On Friday, Lil Nas X released the music video for his new single “Montero (Call Me by Your Name),” in which he rides a stripper pole down to hell and twerks for Lucifer, triggering a satanic panic rarely seen in America since its colonial days. But as scandalized as the Christian right may be, there’s really nothing surprising about this turn from the 21-year-old rapper.
On Wednesday’s episode of ICYMI, Slate’s new podcast about internet culture, hosts Rachelle Hampton and Madison Malone Kircher explained why none of this is all that shocking if you know anything about the “Old Town Road” rapper’s internet origin story. In this transcript, adapted from the episode, Kircher and Hampton recap the weekend’s drama and put it in the context of the former tweetdecker’s Very Online career.
Kircher: Before we connect everything back to Lil Nas X’s internet roots, we’ve got to talk first about this video, which Lil Nas X released on Friday. It takes place in a sort of mythical Garden of Eden fantasy land/underworld called Montero. It is, for lack of a better descriptor, queer, in the best possible way.
Hampton: Yeah, I cannot recommend highly enough just watching the video because it is honestly stunning. There’s this inquisition-type court in which Lil Nas X is put on trial by a Lil Nas X who looks like Marie Antoinette crossed with a ’90s-era Missy Elliott. You know what I’m talking about?
Kircher: Yeah, or I was thinking Effie Trinket in The Hunger Games.
Hampton: Honestly, yeah, same vibe. The pastel colors really sell it.
So Lil Nas X, while he’s on trial by Effie Trinket, he gets hit in the head with a butt plug, but as he dies, he ascends up to heaven only to then ride a stripper pole down to hell, where he gives Satan a lap dance and then kills Satan and takes his horns.
Kircher: I really feel like I owe Lil Nas X a thank you, as a gay person who spent 10 years in Catholic school, because I feel very much primed to explain that there is a quote in the Book of Luke that goes, “I watched Satan fall from heaven like lightning,” which this video takes incredibly literally.
Hampton: The reaction Madison and I are having is largely the reaction the Friday night internet had. People were losing their absolute shit. There were just so many supportive tweets. There were so many tweets from gay kids who grew up in the church. There were tweets from people like someone named Catboy Slim, who said, “If being quiet and chill is your thing that is absolutely wonderful for you but it’s genuinely nice to see someone with Lil Nas X’s reach and influence getting killed by a buttplug and pole dancing into hell, finally a little freak representation.”
Kircher: Didn’t Lil Nas X’s father say something about the video?
Hampton: Yeah, Lil Nas X’s father texted him, “A very creative video. I got through it. Congratulations. Live life on your terms. Very proud of you,” with the appropriate amount of emojis that you expect a dad to send.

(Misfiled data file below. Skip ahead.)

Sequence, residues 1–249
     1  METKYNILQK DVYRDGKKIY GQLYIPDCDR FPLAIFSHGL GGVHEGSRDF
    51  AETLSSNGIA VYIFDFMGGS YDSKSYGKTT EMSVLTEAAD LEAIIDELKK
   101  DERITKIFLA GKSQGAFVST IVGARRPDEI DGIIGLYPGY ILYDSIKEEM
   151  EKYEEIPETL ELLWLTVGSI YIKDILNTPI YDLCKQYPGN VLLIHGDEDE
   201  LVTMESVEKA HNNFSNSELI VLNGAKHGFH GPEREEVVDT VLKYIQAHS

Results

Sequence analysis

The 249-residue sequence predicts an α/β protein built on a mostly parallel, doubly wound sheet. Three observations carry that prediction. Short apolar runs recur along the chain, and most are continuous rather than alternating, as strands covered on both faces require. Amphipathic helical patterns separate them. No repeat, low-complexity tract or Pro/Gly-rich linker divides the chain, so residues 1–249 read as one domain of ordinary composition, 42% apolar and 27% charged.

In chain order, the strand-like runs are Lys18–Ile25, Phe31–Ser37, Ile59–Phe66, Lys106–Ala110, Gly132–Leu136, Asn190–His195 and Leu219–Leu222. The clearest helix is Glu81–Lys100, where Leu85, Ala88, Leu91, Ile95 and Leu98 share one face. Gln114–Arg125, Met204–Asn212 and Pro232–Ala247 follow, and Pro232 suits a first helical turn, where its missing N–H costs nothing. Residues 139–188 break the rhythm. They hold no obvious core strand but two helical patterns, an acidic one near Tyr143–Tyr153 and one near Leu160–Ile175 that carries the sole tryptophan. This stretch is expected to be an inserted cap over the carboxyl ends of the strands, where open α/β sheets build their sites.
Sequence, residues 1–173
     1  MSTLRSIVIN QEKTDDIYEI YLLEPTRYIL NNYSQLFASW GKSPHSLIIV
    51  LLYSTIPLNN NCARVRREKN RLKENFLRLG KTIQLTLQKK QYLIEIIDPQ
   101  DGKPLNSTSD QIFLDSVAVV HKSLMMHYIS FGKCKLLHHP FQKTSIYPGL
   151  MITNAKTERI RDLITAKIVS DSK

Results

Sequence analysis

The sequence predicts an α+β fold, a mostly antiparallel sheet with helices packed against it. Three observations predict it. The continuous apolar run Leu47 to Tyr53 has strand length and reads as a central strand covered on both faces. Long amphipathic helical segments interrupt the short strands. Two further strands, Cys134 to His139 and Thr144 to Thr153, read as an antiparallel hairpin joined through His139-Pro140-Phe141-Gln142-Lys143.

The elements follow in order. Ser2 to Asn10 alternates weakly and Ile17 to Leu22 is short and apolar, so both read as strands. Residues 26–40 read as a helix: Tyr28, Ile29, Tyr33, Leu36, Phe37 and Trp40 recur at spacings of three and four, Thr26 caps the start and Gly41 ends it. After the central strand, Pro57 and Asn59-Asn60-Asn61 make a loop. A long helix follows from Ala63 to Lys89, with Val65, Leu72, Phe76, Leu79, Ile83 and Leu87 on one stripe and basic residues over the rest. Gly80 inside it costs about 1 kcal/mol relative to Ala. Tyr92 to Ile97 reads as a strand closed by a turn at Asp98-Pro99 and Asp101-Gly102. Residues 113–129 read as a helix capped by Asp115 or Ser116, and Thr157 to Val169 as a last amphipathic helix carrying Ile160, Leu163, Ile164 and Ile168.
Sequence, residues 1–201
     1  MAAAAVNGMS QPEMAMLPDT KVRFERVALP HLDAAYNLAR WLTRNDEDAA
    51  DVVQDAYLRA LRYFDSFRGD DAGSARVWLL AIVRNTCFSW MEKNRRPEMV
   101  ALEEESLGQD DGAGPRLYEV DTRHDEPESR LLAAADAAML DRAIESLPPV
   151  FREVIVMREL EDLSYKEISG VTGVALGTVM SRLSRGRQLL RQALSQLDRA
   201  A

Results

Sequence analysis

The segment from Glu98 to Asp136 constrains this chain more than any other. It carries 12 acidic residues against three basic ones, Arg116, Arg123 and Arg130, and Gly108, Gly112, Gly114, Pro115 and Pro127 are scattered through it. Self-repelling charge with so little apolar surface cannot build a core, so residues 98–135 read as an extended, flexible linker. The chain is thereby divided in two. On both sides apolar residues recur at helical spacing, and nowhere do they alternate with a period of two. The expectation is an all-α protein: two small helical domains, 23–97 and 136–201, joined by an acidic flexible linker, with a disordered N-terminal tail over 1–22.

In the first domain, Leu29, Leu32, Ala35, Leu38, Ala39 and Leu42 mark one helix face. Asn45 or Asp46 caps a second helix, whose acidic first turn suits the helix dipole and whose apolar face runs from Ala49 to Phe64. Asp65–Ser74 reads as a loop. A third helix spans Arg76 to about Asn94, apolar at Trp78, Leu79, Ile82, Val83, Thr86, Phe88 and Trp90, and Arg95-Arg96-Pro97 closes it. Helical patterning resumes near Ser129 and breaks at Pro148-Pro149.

Kircher: That’s the thing that I find really impressive about what he’s done with this video. So it’s incredibly raunchy and very fun, and it could just be an entertaining piece of art for those reasons alone, but it’s more personal and it’s actually very poignant. Lil Nas X’s real name is Montero. So the song is named after him, this world he’s built is named after him.
And he posted this note on Instagram when he released the song, and it’s a short letter to his 14-year-old self: “Dear 14 year old Montero, I wrote a song with our name in it. It’s about a guy I met last summer. I know we promised to never come out publicly … I know we promised to die with the secret, but this will open doors for many other queer people to simply exist.”
That takes guts, first of all, and, second, I’m choked up reading that. Securing this platform as a young, gay, Black creator who was born of the internet is such a difficult path, and then to choose to really do some good with it …
Hampton: I think some people look at the video as this troll of the morality of America, which, based on the reaction, is easy to assume. But when you look at the statements that Nas has actually put out about the video, you can see that there’s very much a personal message involved. Of course, that went right over the heads of seemingly every single right-wing Christian person on the internet.
Kircher: And it’s so funny because this is not a video Lil Nas X dropped and was like, “Hmm, people will get the message.” In this letter, he says, “People will be angry” and “They will say I’m pushing an agenda. The truth is, I am.” He knew exactly what he was doing. And the Christian right is acting like he’s taunting them instead of very earnestly saying, “This is who I am and who I want to encourage other people to be, if that suits them too.”
Hampton: Exactly. And the Christian right has all the subtlety of a bull in a China shop, and so they looked at this video and thought, “Ahhh!”
Kircher: “The children!”
Hampton: “The children!”
Kircher: The children who statistically … you know … they’re queer. Accept it.
So that’s where Lil Nas X is now. But to understand how we got here, we’re going to need to take a trip back in time, to when Lil Nas X was what’s known as a tweetdecker.